Why the huge decline in the percentage of black Major League Baseball players?

LA to Irv P., a retired baseball coach:

This is something. Blacks were 17 percent of Major League players in 1997, and only eight percent today. It could be the increase of Hispanics driving out the blacks (due to training schools the clubs have set up in Latin American countries), or other factors.

Irv replies:

The article touches on the reasons for this decline. Fathers not bringing up their kids. Black kids thinking it is a “white sport.” Basketball and football bringing much more adulation for the players in the developmental phases (you toil in anonymity in baseball all your life, unless you get to the big leagues, unlike the gigantic market for college basketball and football). I would downplay the economic factors, although that is part of the “daddy” problem. The Hispanics are filling a vacuum created by the decrease in blacks. They also come from cultures which highly value baseball skills. I don’t think they are driving out blacks. They are really taking the potential jobs of many deserving white ball players.

Baseball requires more self discipline than the other sports. You have to have the ability to concentrate for longer periods. You have to possess the mental skills to bounce back from personal failure quickly. Most ballplayers are not specialists. Their game has to include a wider variety of abilities than the other games. It is a game that is less suited to the “style” of black culture. Black culture is more of an “in your face” kind of thing. They are very tactile and aggressive. Baseball is not suited to that.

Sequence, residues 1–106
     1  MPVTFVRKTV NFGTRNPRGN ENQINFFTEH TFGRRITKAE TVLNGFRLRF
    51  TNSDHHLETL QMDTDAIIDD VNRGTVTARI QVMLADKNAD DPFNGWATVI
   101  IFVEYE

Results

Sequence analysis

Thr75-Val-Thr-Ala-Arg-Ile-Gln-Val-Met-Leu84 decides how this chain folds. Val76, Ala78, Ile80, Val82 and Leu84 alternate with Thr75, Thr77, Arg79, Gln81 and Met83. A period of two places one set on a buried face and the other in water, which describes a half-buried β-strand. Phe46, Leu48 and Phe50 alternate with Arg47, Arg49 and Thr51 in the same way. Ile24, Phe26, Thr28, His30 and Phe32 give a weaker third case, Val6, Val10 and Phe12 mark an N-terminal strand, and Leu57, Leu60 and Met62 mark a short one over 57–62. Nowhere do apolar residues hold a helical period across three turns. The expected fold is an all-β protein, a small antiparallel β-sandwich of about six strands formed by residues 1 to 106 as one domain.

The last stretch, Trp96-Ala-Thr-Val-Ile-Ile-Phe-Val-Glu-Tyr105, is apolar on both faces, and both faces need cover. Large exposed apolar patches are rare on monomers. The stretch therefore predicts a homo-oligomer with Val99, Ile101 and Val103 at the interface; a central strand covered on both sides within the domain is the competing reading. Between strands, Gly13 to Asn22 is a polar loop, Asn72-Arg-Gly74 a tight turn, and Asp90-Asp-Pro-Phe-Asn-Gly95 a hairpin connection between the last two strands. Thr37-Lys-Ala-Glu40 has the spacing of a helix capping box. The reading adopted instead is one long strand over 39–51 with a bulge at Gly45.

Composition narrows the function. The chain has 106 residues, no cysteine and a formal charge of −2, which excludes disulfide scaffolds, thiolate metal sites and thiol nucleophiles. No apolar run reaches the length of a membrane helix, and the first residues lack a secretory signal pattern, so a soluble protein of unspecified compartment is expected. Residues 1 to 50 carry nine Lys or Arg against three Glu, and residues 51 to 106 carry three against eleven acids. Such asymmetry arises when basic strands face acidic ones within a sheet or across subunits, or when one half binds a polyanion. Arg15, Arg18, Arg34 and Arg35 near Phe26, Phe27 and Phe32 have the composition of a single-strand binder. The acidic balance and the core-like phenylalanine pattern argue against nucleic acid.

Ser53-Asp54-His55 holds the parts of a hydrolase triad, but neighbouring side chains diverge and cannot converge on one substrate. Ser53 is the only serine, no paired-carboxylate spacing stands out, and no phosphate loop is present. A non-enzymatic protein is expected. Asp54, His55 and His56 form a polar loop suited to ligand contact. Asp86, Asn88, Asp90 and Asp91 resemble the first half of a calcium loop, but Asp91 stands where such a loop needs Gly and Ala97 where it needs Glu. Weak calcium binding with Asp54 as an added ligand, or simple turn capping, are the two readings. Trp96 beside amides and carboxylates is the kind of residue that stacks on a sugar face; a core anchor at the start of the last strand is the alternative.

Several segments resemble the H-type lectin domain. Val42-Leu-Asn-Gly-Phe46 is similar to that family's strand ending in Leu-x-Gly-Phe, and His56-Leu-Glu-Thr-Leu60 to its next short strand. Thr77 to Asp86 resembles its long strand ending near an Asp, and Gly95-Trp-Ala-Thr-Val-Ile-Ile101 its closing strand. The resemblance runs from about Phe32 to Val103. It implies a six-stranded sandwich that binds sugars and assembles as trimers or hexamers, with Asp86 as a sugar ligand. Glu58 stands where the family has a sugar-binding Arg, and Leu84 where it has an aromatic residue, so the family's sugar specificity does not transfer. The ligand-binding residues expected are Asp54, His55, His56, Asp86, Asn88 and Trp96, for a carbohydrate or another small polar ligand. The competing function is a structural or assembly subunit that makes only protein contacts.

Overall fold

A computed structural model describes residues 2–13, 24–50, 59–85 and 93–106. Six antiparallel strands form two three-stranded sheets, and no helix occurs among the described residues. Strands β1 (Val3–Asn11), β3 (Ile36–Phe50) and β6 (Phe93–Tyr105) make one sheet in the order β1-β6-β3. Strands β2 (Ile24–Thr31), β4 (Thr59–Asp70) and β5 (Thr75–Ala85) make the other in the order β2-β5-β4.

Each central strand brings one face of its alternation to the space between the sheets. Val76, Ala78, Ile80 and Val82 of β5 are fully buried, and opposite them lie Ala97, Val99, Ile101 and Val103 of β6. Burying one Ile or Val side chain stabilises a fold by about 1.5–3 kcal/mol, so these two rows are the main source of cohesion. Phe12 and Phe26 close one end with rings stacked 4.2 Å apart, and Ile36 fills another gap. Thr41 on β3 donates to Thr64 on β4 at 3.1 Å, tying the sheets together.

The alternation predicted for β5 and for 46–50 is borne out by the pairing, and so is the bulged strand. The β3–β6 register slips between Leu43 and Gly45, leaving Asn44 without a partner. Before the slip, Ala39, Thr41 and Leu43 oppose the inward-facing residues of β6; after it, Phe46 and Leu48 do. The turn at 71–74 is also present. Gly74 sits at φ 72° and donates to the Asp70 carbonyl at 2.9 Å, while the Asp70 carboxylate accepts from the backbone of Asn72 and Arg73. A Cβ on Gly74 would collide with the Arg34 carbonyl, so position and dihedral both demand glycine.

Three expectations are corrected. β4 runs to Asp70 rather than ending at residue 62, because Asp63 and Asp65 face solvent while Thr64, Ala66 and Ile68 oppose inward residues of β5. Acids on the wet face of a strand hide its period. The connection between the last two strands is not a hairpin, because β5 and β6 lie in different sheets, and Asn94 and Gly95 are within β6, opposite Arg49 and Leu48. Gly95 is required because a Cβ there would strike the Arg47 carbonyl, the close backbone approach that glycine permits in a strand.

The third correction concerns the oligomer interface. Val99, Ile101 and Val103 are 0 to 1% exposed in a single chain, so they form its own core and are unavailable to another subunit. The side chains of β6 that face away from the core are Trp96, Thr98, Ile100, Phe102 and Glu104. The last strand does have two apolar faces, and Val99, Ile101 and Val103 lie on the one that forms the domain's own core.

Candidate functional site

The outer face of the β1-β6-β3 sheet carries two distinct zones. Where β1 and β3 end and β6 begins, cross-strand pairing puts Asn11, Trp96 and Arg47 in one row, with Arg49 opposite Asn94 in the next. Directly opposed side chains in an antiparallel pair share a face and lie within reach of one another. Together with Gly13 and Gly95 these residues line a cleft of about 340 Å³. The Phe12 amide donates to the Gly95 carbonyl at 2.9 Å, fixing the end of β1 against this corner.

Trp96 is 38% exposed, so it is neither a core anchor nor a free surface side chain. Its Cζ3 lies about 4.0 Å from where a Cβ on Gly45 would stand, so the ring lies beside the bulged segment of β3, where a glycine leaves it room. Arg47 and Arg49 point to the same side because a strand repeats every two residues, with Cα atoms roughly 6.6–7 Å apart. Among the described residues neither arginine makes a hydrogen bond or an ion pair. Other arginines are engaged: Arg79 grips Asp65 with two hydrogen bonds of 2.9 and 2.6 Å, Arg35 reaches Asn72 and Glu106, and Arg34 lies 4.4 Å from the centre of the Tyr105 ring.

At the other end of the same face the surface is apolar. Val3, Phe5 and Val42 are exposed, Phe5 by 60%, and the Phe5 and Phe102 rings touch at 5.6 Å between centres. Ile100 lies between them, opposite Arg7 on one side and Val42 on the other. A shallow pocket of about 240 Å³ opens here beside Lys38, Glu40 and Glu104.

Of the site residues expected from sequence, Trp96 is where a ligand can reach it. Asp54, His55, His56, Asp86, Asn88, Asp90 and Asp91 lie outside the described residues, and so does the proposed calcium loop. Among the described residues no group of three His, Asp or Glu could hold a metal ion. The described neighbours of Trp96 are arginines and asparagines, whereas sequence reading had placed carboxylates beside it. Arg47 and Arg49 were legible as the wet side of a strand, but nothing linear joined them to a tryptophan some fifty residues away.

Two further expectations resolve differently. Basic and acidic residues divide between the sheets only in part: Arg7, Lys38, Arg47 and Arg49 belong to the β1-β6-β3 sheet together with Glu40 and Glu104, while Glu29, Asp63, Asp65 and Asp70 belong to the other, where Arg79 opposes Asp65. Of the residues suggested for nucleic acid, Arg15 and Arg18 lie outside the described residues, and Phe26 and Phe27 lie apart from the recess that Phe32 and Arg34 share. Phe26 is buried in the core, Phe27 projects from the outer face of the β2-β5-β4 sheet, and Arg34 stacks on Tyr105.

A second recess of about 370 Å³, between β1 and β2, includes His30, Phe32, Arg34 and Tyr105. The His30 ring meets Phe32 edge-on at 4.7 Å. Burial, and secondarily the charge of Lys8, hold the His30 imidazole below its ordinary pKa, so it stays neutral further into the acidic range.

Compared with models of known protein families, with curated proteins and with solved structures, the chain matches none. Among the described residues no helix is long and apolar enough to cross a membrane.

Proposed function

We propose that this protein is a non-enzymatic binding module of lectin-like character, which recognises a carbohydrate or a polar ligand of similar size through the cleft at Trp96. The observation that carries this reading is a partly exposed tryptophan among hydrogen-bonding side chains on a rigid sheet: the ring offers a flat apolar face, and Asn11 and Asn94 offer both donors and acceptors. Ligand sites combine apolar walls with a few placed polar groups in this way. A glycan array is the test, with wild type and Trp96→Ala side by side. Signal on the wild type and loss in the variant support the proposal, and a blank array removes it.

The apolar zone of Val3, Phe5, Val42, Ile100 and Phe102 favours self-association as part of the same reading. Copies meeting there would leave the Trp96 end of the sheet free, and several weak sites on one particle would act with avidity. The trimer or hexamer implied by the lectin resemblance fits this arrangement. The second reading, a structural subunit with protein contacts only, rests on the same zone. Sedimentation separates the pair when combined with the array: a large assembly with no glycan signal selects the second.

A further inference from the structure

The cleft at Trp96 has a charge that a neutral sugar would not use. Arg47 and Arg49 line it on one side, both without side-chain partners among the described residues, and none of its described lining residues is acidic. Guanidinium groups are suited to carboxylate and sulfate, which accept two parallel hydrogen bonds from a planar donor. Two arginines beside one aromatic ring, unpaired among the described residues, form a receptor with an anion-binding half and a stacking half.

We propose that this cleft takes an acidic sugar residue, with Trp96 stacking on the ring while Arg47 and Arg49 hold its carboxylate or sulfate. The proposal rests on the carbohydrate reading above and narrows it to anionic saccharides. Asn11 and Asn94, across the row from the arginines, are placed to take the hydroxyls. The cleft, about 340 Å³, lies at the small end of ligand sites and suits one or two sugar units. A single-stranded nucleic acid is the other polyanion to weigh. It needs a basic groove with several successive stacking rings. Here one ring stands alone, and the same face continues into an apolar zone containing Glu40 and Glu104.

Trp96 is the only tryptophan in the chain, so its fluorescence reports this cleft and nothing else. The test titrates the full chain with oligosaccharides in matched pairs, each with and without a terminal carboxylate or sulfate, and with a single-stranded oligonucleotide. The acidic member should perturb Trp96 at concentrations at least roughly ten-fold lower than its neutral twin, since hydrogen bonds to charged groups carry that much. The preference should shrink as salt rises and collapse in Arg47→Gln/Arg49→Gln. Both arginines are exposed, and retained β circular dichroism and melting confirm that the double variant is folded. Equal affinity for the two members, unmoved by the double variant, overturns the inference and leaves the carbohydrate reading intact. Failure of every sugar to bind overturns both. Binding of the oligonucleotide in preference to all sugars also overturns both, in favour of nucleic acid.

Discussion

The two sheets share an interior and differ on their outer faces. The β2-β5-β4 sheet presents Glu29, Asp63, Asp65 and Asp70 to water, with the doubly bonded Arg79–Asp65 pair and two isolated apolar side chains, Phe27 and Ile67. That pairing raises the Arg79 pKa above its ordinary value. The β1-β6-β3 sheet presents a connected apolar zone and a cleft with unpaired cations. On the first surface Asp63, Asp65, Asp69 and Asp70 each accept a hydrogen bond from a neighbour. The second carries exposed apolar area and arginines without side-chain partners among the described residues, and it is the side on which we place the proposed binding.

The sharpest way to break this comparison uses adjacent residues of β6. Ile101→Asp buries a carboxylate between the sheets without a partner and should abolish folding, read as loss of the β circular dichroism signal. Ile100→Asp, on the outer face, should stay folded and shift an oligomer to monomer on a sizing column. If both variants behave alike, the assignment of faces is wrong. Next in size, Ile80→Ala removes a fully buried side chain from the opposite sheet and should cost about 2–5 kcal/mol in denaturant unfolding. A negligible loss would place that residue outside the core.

I have found that black people I have known who are connected to baseball in some way, come from more stable families and are more assimilated to American culture. They are more likely to feel comfortable around white people, and less uncomfortable with themselves.

September 3

RFI writes:

The decline of blacks in Major League Baseball has been overstated because it isn’t weighted against the decline in the percentage of Americans in the Major Leagues but against the general population of Major League Baseball. For purposes of the study that gets put out every year, players like David Ortiz and Valdimir Guerrero aren’t considered black, but Hispanic. Google image search either. It’s only African Americans that count in the study.

Blacks are slightly underrepresented as a percentage of American Major Leaguers. The decline is mostly due to the rising percentage of foreign born players since the 1980s. Most come from Latin America but there are now Dutch, Japanese, South Korean, and Taiwanese players as well.

Here and here are links breaking the numbers down from the 2007 numbers of the same study you referenced:

Chuck Ross writes:

From my cursory knowledge of the evolution of baseball over the past decade, it seems that teams have moved away from drafting American players out of high school in favor of drafting players with at least some college experience. This shift would naturally hinder black players. A parallel could occur in NBA basketball—I’m not sure if there has been a meaningful demographic shift i.e. the influx of European players—after the league instituted a policy of not drafting kids right out of high school after the (I think) 2004-2005 season.

Posted by Lawrence Auster at September 02, 2011 04:21 PM | Send

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